The evolution of online gaming, and the blending of identity on the Internet versus your identity in teh real world is excellently portrayed in ‘Moxyland’. Tendeka spends much of his time in Pluslife, a Second Life-esque virtual world, where kids recreate their favourite celebrity’s mansion down to the most minute detail, and where Tendeka (or ’10’ when he is online) receives his terrorist instructions from the mysterious *skyward and his/her frumpy female avatar, under a hacked virtual sky displaying a recreation of the northern lights. And Toby, looking for something to do with all his free time, works his way into a Realworld game, like a computer game but in real life, out amongst unsuspecting civilians, where players identify themselves through their SIM ID’s.
As the lives of the four main characters become more entwined, I could see that the shit was going to hit the fan. Beukes hints brilliantly, but subtly, at the chaos to come at the end. But I had no idea HOW the chaos was to come, and when it did it was exciting, powerful and disturbing.
I LOVED ‘Moxyland’. It is original, fast-paced, and bloody good fun, filled with awesome characters that I really wanted to spend more time reading about, and is full of brilliantly-observed details of a society in the not-too-distant future that is both fantastically different, but worryingly familiar. The political and social themes, that never override or confuse what is, plain and simple, a brilliant story, are both poignant and relevant, not just to the post-apartheid culture of South Africa, but to the world that we live in now, becoming more and more obsessed with advertising, surveillance and control.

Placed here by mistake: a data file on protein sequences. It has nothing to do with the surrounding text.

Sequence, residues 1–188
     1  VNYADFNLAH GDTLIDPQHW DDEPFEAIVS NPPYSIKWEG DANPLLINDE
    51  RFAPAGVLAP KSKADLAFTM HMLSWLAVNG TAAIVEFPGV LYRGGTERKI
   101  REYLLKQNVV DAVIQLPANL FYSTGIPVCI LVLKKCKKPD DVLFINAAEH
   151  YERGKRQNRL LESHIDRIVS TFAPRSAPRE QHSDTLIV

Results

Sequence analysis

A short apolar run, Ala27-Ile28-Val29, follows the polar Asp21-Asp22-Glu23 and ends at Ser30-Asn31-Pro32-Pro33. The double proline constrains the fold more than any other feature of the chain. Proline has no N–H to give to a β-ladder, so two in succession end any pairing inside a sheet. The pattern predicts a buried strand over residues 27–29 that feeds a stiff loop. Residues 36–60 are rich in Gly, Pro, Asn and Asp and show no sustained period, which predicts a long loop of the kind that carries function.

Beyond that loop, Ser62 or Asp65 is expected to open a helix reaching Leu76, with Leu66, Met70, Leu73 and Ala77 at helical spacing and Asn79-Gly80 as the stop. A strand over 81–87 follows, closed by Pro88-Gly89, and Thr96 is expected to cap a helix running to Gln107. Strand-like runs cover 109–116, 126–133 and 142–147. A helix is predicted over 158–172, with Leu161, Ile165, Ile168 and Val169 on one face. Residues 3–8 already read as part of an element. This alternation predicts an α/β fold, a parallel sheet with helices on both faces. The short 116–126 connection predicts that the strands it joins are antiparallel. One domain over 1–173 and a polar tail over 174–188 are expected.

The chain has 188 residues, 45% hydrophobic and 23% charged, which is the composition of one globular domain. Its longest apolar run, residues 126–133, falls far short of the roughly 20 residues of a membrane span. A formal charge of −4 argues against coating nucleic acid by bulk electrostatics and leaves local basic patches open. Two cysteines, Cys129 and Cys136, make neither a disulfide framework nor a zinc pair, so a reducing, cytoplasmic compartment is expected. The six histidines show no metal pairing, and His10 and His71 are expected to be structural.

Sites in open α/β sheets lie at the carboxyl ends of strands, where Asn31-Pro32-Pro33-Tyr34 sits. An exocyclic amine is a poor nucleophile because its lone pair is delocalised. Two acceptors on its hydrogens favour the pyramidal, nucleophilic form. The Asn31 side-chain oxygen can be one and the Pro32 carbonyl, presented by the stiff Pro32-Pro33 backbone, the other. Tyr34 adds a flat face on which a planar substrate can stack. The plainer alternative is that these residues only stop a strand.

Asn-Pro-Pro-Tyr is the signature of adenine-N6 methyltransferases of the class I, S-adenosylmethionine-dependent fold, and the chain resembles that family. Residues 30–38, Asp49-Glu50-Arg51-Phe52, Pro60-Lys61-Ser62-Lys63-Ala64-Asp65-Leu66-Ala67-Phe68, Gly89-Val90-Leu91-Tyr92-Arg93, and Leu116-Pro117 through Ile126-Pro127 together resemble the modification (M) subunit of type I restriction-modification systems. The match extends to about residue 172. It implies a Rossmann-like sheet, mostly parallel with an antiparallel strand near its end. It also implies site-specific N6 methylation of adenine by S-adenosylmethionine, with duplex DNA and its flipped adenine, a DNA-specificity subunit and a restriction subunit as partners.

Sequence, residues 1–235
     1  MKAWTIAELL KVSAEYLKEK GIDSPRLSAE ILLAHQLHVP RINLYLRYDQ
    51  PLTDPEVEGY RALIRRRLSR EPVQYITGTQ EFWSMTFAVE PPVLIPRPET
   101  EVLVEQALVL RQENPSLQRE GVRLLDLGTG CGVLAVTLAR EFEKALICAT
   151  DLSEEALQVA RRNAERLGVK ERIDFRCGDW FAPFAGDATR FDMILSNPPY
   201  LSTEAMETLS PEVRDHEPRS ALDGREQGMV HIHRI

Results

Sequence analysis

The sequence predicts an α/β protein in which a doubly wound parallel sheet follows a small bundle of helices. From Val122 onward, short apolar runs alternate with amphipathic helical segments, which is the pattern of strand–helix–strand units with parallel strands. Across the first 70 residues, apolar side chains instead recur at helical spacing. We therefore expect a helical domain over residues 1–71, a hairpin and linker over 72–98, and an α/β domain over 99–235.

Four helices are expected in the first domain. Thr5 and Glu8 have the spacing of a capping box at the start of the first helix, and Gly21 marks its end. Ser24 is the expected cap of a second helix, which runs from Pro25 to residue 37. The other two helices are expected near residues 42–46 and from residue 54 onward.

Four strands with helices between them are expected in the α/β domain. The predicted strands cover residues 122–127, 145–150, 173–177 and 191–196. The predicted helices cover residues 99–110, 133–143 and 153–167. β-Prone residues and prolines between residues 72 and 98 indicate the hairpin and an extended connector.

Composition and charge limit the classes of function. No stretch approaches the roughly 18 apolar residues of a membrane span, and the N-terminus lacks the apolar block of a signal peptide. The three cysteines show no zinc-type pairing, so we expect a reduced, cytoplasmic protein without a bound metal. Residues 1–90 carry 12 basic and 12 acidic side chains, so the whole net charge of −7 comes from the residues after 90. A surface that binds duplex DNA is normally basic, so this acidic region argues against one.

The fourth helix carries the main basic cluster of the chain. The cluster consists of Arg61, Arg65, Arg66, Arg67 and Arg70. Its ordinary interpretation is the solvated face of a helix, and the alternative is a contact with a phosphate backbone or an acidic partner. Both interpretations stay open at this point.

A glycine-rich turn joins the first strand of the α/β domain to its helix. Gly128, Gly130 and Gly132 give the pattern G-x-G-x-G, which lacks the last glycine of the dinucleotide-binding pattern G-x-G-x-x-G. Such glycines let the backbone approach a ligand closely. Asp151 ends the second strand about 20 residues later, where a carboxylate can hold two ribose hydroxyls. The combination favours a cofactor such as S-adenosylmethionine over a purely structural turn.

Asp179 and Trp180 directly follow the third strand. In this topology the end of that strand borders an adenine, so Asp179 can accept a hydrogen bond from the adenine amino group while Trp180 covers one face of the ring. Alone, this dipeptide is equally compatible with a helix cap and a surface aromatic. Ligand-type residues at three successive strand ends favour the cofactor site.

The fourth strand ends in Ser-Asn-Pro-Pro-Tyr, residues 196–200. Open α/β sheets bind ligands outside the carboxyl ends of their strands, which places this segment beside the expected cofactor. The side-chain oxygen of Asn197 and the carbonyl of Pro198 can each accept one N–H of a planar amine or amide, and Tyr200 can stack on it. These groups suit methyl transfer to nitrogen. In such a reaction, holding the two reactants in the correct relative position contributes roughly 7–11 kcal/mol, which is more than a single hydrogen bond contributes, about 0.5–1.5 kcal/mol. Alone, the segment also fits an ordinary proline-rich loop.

I couldn’t recommend ‘Moxyland’ highly enough. It was unlike anything I’ve ever read, and you won’t be disappointed if you give it a go. Find it pretty much anywhere (you can’t miss the front cover!) or get it from here or here.
Oh, and follow @laurenbeukes on Twitter!